Of the many Slow Coast “concept restaurants” that have emerged in recent years, the expectations were perhaps lowest for Skillinge’s Ålgräsäng (literally “Eelgrass Meadow”); the “one superstar ingredient” concept felt like it had been played out years before, and besides, how much could one actually do with seaweed, anyway?
Ålgräsäng defied the doubters, thanks to the unique properties of eelgrass, which is descended from a land-based ancestor and, like many land-based grasses, produces seeds that are basically edible grains. Thanks to thousands of years of culinary technique, grains are incredibly versatile, and Ålgräsäng puts eelgrass grain to every possible use: one can make flour, ferment it into alcohol, mill it to make oil, or cook it like rice.
As a result, Ålgräsäng’s menu features dishes that don’t seem at all seaweedy, whether its their crusty breakfast bread or their popular pasta dishes. The chef’s feature-piece is their famous sushi selection, accompanied by a mildly sweet eelgrass sake. (If you order a “rice” dish, we recommend choosing the unhusked option; the husk gives a hint of sea-salt savour to the meal!)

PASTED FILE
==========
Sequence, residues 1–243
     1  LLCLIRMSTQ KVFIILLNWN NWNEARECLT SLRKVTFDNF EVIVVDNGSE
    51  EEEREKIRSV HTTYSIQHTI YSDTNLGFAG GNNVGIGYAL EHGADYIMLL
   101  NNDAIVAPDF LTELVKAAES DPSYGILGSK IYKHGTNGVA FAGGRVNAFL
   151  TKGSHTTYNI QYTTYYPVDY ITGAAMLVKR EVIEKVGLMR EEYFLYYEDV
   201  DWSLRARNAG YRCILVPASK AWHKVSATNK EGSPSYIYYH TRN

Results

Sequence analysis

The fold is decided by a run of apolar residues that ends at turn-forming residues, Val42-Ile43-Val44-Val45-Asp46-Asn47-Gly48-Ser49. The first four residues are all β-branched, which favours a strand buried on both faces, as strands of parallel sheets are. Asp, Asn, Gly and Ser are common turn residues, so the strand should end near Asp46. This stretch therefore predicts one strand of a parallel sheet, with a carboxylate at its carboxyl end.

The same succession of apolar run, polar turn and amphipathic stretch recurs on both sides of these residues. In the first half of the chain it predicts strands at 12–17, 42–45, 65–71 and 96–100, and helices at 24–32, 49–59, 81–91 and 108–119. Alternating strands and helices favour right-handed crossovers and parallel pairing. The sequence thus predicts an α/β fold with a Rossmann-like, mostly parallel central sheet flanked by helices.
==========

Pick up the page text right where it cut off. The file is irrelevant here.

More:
Never ones to let a potential health fad pass them by, hip young Swedes now sing the praises of the eelgrass grain, which is gluten-free, rich in vitamins, fibers and omega-3 fats, and contains 50% more protein than rice. Unfortunately—or fortunately, depending on how you look at it—eelgrass turns out to be pretty hard to produce at commercially viable scales. The grains have been eaten for generations by the Seri peoples of Mexico, but the first attempts at commercial cultivation came in the 2020s, thanks to a Spanish chef who fell hard for Seri cuisine. Several small-scale farms exist today, but it turns out that getting the water quality and nurturing processes just right in artificial conditions is particularly difficult.
Lucky, then, that those conditions prevail off the shore at Ystad. Ålgräsäng is run by the same former diving collective that runs the popular eelgrass safari, and the restaurant’s profits are ploughed back in to the unending work of restoring and maintaining this vital ecosystemic actor. As such, it comes recommended to those who like to eat ethically… but it also comes recommended to those who just like to eat.